04 August 2007

Motorcycles for beginers

Now THIS was cool... got a call from Mr Fixit, asking about bikes and what to get.

Color me flattered all to Hell and gone!

But it got me thinkin'... maybe others out there might be interested in some basic info for starting a life on two wheels. And I guess I have a lil' experience, so I'll give it a shot...

First off, regardless of what you want to ride, there're a couple things you have to accept about riding:

1- there are two kinds of riders in the world: those who HAVE gone down, and those who will. Yes, it's possible that you'll go your whole life riding, and never have a bike go down. It's also possible that you'll win the lottery tonight. Honestly, the lotto is more likely.

2- Those people you see around you, in cars and trucks? We call 'em cagers. Assume that EVERY cager you encounter actively wishes you dead. Not just is inattentive, or distracted, or inexperienced: ride like every single vehicle you share the road with is piloted by someone whose grandmother you just violated. From the way they act towards you, the result is amazingly similar...

3- Road designers also actively wish your demise, as do road crews. The streets of America have been carefully crafted in a manner to provide all sorts of traps, tricks, and pitfalls meant mainly to cause damage to motorcycles and their riders. The only reason they aren't literally minefields is because that would also cause damage to the cars and trucks out there: when they develop a mine trigger that will ONLY detonate under a motorcycle, they'll become standard on American highways...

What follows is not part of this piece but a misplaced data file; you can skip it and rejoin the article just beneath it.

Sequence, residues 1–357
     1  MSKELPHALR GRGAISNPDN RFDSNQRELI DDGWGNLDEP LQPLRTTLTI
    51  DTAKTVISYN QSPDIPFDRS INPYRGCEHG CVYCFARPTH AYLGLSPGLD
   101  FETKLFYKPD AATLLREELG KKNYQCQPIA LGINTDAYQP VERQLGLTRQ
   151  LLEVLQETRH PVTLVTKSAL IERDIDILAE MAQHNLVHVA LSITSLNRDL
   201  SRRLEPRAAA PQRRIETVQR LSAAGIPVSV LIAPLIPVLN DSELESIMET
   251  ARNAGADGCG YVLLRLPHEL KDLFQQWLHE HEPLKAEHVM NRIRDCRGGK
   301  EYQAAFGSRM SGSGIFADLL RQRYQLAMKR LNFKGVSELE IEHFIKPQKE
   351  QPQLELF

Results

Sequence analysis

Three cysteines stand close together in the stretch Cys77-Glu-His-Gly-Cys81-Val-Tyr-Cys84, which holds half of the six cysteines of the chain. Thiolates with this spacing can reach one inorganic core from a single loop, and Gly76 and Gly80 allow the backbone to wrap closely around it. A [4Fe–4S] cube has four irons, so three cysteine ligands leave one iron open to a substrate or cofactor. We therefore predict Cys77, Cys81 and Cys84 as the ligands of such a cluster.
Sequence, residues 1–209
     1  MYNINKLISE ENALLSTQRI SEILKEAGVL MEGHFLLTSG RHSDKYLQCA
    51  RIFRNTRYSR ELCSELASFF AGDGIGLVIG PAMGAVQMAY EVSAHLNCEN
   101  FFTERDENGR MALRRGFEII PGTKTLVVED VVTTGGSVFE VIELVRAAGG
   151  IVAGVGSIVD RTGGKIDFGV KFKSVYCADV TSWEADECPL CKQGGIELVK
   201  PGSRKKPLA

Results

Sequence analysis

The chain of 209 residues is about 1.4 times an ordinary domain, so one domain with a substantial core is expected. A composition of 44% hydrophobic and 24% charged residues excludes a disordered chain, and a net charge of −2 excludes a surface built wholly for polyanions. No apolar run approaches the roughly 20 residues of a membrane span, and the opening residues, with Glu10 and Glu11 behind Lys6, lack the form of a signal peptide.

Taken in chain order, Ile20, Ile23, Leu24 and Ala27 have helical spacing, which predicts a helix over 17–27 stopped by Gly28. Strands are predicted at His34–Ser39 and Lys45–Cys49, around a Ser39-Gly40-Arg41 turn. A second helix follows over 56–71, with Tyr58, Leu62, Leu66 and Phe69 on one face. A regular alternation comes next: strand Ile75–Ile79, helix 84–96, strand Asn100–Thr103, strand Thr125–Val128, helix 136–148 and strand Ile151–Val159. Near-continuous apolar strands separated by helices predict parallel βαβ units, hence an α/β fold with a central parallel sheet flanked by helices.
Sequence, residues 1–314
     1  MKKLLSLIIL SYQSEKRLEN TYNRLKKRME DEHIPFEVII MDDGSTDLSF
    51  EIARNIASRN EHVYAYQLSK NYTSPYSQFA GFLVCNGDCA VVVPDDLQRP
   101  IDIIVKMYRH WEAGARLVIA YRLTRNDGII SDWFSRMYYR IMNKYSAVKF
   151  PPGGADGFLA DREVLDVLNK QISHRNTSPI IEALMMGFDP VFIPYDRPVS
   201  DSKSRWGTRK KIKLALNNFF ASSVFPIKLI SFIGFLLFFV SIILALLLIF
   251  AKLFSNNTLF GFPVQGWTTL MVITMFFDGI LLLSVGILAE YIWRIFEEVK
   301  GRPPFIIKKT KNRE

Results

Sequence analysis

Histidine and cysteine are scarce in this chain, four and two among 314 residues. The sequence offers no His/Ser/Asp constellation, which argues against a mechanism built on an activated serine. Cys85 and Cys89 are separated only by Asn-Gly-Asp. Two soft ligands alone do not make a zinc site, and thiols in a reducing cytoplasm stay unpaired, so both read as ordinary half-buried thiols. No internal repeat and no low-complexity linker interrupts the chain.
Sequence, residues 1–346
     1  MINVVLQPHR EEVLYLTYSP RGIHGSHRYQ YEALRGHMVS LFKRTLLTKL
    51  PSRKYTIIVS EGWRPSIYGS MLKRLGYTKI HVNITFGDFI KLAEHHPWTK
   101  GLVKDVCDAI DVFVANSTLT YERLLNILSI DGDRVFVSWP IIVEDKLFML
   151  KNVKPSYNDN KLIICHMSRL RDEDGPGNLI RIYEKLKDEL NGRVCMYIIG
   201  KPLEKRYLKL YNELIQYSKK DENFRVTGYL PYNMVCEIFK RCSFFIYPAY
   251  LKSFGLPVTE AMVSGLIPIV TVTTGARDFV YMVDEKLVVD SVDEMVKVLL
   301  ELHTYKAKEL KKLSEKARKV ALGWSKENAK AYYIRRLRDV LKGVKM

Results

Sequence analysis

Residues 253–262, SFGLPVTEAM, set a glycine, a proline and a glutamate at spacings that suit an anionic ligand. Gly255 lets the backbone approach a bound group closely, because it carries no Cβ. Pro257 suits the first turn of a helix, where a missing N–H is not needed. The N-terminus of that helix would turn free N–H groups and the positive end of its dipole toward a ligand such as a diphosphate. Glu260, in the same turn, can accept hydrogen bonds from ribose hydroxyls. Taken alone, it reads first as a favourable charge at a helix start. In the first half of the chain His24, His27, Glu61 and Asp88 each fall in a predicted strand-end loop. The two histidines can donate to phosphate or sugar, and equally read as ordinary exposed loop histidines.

Still want to ride? Good... you have guts, and a desire to feel the wind!

Your first step should be to locate where the nearest Motorcycle Safety Course is held. They come in a variety of shapes and sizes: when I took it, it was a 2 day course offered through a local tech school. You WANT to take this course: you'll learn more in that couple days than in several years of riding, and encounter lots of possible problems in a controlled environment where instructors teach you to deal with them. Here in Wisconsin, this course is the only way now to get your class M endorsement. Even if it's not necessary, it's money well spent (that course has saved me from more injuries than any piece of safety equipment available on the market today).

NOW we'll get to "what should I ride?". I'll be honest: I am NOT a mechanic, nor do I play one on TV, nor did I stay in a Holiday Inn Express last night. But there are some things I can advise on here: